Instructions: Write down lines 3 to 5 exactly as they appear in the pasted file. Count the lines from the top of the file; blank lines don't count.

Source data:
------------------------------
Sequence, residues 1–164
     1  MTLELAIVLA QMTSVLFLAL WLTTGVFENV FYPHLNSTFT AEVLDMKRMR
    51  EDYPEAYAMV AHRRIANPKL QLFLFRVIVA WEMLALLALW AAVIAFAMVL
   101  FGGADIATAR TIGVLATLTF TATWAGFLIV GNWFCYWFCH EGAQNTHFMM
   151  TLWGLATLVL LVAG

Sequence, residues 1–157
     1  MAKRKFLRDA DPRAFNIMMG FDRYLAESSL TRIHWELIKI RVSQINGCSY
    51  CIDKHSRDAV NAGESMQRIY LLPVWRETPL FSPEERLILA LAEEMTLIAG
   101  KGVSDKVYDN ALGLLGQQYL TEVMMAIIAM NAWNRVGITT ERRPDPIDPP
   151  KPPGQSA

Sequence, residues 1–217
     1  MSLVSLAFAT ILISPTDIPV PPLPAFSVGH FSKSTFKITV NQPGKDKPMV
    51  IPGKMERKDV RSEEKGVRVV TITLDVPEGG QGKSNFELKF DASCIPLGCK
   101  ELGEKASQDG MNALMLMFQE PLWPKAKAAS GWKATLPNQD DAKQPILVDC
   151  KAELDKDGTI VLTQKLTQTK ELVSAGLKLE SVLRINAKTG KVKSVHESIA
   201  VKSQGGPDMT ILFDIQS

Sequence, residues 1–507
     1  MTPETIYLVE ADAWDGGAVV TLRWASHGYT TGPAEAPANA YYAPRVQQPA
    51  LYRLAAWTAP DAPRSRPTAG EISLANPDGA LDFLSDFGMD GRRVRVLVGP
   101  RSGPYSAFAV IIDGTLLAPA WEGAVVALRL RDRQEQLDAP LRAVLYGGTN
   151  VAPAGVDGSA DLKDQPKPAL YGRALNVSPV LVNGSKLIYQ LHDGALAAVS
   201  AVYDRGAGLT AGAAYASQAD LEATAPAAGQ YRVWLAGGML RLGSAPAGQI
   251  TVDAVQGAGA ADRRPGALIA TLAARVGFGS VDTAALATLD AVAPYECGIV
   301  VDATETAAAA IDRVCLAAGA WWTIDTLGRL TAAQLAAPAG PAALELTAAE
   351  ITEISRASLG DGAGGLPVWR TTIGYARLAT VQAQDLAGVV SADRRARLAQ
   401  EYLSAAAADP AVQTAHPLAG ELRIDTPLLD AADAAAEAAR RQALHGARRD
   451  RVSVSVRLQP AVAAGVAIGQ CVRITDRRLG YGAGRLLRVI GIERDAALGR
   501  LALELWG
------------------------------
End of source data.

    51  EDYPEAYAMV AHRRIANPKL QLFLFRVIVA WEMLALLALW AAVIAFAMVL
   101  FGGADIATAR TIGVLATLTF TATWAGFLIV GNWFCYWFCH EGAQNTHFMM
   151  TLWGLATLVL LVAG